11: Ye who your God, Jehovah, forsake,Note the parallelism of the first lines: Person and place are identified. They who forsake Jehovah are those who forget His holy mountain. But surely there is little danger, or indeed possibility of our being charged with forgetting a mountain that we have never seen and know nothing about. Exactly seven times in this prophet do we find the term "holy mountain," and this "seven" itself serves to show the importance of the term. What then is the name of this mountain? But one all through the book is named, nor can we err in assuming that must be the mountain meant; and Zion then becomes Jehovah's holy mountain. But why is this mountain selected out of all the many hills of Israel to have attached to it that title of "holy"? The answer is suggested by Heb. 12:18, 22, for Zion is the mount that represents the whole Heart of God told out in grace, in contrast with that principle of Law with which He ever found fault, for in His dealing with sinful, but ever-beloved men, law shuts up both Heart and Hand. Further, we deduce from the word "holy" that this way of grace is the true way of holiness, and is as far removed from license as it is from law.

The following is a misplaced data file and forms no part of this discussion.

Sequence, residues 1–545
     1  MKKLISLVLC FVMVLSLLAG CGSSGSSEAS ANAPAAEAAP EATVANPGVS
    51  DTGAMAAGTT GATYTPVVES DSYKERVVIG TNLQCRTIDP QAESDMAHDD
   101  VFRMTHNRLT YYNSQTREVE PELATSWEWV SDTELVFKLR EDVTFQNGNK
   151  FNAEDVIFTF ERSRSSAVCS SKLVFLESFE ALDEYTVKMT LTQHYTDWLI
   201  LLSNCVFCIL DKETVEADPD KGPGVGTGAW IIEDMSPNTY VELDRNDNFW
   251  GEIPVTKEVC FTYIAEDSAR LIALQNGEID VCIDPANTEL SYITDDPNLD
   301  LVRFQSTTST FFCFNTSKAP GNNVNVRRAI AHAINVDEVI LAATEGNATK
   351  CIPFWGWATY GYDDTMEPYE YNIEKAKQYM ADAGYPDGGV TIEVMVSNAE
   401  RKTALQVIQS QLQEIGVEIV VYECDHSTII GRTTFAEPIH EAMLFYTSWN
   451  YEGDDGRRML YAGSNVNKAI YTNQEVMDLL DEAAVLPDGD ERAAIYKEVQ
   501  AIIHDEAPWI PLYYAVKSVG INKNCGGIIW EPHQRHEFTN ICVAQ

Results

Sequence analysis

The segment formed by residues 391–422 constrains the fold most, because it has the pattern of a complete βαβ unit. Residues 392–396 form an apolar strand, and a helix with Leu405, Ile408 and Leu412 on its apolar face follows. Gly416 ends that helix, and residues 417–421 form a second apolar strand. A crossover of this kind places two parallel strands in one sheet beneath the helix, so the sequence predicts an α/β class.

Thus to "forget God's holy mountain" today, is to forget the abundant grace of Christ that alone can, and does meet all our poverty, need and helplessness. In short, it is to "fall from grace" (Gal. 5:5).
Little should we profit in the search for Gad and Meni of old. The names are lost to us, but what they signify remains. They stand for the dual form that evil takes, called Violence and Corruption. These become deified, and their devotees seek to propitiate them by their varying forms of "religious duties," or, in the language of prophecy, in "preparing a table for them." After the manner of Isaiah there is a play on the word Meni, in the first line of the next verse, for the word means, "number," and so Jehovah says, "I will meni, or number, you to the sword." It is again the principle of God turning sin into penalty, as He does both with men and the devil, as we shall see in verse 25.